# What type of initial value problem is this?

So I'm trying to solve this initial value problem:

$x^2 dy/dx + xy = 1$, $y(-1)=1$

Now I think that it's some sort of Linear Equation and I know how to solve linear equations like $dA/dt+1/100A=6$, $A(0)=50$ but for this equation, there's multiple variables and an $x^2$ in front of the dy/dx. So is this even a linear equation and if it is a linear equation then how could I solve it compared to equations like the one above?

## 2 Answers

Find an integrating factor. Start by diving by $x^2$, so that $\frac{dy}{dx}+\frac{1}{x}y=\frac{1}{x^2}$

• Also, I do believe it's called an homogeneous differential equation. – Cody Rudisill Nov 6 '15 at 3:32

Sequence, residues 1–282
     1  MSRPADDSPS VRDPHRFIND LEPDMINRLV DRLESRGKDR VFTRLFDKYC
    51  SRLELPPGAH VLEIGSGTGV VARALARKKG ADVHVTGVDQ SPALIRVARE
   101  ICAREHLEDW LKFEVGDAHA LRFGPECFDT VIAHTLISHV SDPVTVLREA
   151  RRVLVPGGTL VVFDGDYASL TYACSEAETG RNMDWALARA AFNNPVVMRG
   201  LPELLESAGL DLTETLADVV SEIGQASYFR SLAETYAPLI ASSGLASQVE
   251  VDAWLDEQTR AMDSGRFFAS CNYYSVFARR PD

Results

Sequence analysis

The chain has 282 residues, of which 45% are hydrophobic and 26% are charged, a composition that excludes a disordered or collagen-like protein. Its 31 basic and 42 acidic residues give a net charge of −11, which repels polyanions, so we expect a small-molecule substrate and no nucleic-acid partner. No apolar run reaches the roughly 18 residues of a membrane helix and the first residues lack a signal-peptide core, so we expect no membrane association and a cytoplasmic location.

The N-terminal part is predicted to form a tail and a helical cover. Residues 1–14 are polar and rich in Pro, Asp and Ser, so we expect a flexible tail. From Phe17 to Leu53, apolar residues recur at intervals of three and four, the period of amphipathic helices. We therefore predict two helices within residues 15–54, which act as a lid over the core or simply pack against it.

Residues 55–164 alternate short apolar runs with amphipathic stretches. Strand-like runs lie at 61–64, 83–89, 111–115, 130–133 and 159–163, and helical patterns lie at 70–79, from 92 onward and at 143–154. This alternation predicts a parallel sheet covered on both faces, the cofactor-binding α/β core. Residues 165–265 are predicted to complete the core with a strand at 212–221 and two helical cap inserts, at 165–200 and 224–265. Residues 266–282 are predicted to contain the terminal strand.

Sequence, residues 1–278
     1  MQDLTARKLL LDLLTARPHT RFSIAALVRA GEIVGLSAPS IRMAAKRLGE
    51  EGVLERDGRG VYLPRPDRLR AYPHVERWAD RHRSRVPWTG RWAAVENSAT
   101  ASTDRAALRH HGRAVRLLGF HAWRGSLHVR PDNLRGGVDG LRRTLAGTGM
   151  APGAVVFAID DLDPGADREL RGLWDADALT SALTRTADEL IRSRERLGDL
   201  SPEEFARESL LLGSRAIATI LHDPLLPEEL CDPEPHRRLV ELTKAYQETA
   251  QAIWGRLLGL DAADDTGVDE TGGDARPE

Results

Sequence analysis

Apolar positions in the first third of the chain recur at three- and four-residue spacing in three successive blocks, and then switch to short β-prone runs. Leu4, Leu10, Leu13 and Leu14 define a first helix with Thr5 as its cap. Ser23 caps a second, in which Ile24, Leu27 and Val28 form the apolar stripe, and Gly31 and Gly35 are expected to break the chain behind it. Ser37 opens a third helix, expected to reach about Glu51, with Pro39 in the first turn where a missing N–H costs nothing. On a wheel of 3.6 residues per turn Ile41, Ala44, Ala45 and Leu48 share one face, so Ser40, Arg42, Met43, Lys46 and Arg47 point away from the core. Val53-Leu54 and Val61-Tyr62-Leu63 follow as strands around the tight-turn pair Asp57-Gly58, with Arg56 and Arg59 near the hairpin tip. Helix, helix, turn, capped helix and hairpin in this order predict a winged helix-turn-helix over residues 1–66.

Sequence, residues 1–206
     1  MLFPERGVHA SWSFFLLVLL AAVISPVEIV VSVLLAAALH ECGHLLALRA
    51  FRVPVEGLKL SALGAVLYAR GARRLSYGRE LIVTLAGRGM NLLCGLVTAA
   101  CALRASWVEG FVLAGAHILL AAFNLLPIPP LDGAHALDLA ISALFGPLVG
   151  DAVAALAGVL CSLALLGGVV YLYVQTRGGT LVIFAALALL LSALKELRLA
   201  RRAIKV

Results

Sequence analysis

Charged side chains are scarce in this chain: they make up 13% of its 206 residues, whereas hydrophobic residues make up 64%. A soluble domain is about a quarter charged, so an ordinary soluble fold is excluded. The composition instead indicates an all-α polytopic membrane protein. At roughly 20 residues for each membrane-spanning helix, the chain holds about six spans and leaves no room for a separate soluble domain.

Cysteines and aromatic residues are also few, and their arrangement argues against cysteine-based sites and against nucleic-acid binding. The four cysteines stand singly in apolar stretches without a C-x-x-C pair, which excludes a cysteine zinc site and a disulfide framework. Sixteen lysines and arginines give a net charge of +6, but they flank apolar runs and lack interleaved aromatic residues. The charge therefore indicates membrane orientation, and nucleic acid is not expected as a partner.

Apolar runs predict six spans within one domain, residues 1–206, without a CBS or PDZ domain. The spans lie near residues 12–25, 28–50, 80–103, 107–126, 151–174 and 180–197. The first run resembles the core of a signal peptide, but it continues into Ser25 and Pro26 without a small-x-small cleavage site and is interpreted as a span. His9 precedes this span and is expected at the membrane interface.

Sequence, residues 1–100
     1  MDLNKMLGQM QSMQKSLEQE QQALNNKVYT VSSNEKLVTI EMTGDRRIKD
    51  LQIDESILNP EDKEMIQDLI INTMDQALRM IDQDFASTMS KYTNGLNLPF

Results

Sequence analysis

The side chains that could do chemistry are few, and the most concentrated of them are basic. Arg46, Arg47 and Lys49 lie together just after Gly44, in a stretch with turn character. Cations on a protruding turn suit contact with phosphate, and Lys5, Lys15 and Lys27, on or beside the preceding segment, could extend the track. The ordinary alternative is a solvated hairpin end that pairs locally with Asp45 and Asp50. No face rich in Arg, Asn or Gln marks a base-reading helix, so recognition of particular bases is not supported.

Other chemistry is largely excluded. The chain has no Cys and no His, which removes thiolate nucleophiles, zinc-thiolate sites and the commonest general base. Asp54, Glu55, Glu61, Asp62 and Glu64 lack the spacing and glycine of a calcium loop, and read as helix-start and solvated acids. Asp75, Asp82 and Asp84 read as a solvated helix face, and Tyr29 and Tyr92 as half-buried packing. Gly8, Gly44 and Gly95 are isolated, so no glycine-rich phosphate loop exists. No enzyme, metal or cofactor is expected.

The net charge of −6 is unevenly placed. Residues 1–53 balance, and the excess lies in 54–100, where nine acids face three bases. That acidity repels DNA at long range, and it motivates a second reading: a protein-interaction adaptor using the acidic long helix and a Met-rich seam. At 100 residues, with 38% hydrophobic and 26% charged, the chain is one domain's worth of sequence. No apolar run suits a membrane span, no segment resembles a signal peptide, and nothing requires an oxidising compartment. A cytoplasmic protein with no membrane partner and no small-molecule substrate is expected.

• Ok so I tried to find the integrating factor and arrived at $d/dx[e^{1/x}y]=1/x^2e^{1/2}$ but I'm not sure where to go from there. – david mah Nov 6 '15 at 6:57
• Your next step is to integrate after multiplying by the integrating factor, and then clean up with division. So, $e^{\int\frac{1}{dx}}=e^{ln(x)}=x:$ becomes $\frac{d}{dx}[xy]=\frac{1}{x}$. Integrating gets, $xy=ln(x)+C$ which becomes $y=\frac{ln(x)}{x}+\frac{C}{x}$ with division. – Cody Rudisill Nov 6 '15 at 11:54

Hint

Start changing variable $x y=z$, $y=\frac z x$, $y'=\frac{x z'-z}{x^2}$ and replace in the initial equation. You will arrive to something simple and easy.

I am sure that you can take from here.